George Will and Rob Jesmer Sound the Alarm
Conservative intellectual George Will, the widely-read syndicated columnist, and Republican political operative Rob Jesmer, former executive director of the National Republican Senatorial Committee (NRSC), are in agreement that the Republican Party needs to move forward on immigration reform this year.
Said Frank Sharry, Executive Director of America’s Voice:
As these key conservatives point out, the idea that House Republicans can play politics and put off immigration reform for another year is both a misreading of what’s best for conservatism and what’s best for the GOP’s political future.
George Will writes, in a new column titled, “Why Immigration Reform Matters,” that Republicans have essential political and policy reasons to embrace immigration reform:
Many Republicans say addressing immigration will distract from a winning focus on Obamacare. But a mature party avoids monomania, and Obamacare’s manifold defects are obvious enough that voters will not require nine more months of reminders.
Many Republicans say immigration policy divides their party. If, however, the party becomes a gaggle of veto groups enforcing unanimities, it will become what completely harmonious parties are: small.
Many Republicans see in immigrants only future Democratic votes. This descent into Democratic-style identity politics is unworthy of Republicans, and unrealistic. U.S. history tells a consistent story — the party identified with prosperity, and hence opportunity, prospers.
Many Republicans have understandable cultural concerns, worrying that immigrants from this hemisphere do not experience the ‘psychological guillotine’ that severed trans-Atlantic immigrants from prior allegiances. But are there data proving that U.S. culture has lost its assimilative power? Thirty-five percent of illegal adult immigrants have been here at least 15 years, 28 percent for 10 to 14 years and only 15 percent for less than five years. Thirty-five percent own their homes. Are we sure they are resisting assimilation?
Opposition to immigration because the economy supposedly cannot generate sufficient jobs is similar defeatism. Zero-sum reasoning about a fixed quantity of American opportunity is for a United States in a defensive crouch, which is not for conservatives.
Meanwhile, former NRSC Executive Director Rob Jessmer outlined for Washington Post writer Greg Sargent the political reasons for why the Republican Party should move forward with immigration reform:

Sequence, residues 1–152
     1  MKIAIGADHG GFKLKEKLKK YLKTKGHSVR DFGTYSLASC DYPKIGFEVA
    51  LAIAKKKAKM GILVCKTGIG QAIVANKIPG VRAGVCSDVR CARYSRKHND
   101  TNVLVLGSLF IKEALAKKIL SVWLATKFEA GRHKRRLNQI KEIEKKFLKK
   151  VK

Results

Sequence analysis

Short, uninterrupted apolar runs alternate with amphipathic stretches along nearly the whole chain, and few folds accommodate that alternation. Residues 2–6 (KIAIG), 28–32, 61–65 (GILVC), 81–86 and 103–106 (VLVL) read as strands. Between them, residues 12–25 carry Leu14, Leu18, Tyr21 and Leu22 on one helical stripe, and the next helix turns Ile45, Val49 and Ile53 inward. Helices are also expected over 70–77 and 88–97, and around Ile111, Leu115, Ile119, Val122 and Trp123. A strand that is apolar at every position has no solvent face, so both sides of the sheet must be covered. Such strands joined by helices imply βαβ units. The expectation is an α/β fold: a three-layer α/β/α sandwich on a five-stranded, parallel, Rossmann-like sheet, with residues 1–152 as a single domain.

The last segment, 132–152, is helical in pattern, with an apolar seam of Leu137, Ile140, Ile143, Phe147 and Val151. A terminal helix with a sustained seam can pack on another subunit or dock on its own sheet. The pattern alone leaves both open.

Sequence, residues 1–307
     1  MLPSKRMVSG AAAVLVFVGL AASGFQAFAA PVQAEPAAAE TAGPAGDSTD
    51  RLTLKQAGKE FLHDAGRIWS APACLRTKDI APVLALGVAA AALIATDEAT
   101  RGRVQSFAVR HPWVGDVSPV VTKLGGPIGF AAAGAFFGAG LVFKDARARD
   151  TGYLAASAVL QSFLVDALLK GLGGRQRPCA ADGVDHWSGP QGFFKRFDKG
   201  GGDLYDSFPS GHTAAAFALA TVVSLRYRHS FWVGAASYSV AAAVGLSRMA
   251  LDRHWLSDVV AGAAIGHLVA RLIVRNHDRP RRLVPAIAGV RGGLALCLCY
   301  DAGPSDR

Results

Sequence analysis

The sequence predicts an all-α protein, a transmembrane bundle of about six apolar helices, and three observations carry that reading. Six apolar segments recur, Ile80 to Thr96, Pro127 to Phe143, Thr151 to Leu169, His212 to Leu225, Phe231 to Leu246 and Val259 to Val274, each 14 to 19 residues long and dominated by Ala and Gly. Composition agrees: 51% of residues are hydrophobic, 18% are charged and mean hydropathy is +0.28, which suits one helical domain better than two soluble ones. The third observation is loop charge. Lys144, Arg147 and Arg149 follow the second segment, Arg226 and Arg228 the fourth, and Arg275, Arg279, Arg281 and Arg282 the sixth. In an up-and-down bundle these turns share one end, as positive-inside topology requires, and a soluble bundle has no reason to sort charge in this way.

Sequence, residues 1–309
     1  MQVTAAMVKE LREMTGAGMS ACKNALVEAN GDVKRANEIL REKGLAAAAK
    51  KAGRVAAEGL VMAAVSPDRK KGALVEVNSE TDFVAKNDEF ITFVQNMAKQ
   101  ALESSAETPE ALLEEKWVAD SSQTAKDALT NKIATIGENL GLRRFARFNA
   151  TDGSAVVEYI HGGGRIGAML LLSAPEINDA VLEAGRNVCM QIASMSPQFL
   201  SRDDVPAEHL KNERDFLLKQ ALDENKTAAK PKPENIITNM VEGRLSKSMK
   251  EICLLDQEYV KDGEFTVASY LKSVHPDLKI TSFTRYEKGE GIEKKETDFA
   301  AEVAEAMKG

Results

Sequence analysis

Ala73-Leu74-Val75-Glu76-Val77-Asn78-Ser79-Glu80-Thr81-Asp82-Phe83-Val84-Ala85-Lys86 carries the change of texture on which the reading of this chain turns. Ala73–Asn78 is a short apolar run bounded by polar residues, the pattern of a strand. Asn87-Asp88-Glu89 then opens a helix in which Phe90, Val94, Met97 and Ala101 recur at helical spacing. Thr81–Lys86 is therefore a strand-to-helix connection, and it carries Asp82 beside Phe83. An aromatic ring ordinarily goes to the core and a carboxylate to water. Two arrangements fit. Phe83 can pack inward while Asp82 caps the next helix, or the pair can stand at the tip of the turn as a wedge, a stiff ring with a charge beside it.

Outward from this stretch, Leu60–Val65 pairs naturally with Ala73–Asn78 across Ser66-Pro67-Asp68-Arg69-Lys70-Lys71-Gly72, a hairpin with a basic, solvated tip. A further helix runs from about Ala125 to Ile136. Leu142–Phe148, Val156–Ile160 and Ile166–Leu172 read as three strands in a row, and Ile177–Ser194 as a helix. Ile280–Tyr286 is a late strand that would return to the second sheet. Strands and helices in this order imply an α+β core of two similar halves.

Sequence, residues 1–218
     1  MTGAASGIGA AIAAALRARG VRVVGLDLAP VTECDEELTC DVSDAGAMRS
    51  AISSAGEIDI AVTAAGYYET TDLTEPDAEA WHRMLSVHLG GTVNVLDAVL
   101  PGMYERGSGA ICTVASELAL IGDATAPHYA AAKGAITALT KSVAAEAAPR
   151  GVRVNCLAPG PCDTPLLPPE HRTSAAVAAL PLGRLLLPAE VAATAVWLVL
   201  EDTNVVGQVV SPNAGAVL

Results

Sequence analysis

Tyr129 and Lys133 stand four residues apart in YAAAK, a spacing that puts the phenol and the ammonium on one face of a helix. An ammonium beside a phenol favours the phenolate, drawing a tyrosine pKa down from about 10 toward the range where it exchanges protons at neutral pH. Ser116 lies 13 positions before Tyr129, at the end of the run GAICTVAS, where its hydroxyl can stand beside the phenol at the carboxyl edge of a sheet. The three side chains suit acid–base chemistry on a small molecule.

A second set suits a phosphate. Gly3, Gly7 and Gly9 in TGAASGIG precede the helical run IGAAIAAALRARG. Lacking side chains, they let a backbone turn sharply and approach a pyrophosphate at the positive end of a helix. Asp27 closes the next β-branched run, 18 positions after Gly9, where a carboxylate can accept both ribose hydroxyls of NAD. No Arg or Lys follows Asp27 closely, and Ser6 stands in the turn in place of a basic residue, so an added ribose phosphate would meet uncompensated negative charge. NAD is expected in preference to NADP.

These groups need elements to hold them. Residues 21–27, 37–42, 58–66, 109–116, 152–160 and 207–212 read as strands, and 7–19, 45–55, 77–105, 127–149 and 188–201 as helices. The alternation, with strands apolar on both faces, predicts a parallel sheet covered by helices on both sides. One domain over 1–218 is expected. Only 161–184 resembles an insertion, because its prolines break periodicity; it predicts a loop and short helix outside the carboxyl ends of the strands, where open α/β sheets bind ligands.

It’s easier to do it now, than to do it later. Presidential politics will consume our party, which will make it more difficult to get it passed. The quicker we start, the quicker we’ll get it behind us. We will severely diminish our chances of winning the presidential election in 2016 if this isn’t solved.
I don’t see any data that suggests that this would increase Democratic chances of holding the Senate. The idea that someone who is sitting at home mad at the president about Obamacare is going to wake up in October and say, ‘I’m really mad that Republicans voted to solve the immigration mess, so I’m not going to vote’ — I just find that to be ridiculous.
What people are really saying is, ‘Things are going really well now so we can’t do it. Are we supposed to wait until things are not going well? It’s never going to be easy to do this, because we have many in our party, and many outside forces, who will oppose this whether we do it tomorrow, next month, next year, or 10 years from now.
The House Republicans have to realize that it’s now or never with respect to immigration reform. Here’s what’s predictable if they thwart the bipartisan majority that exists in the House today: Republicans will cement their anti-Latino, anti-immigrant reputation, President Obama will step in and protect most of the undocumented through executive action, and 2016 could turn out to be a political disaster for the Republican party. As George Will and Rob Jesmer point out, the time for reform is now.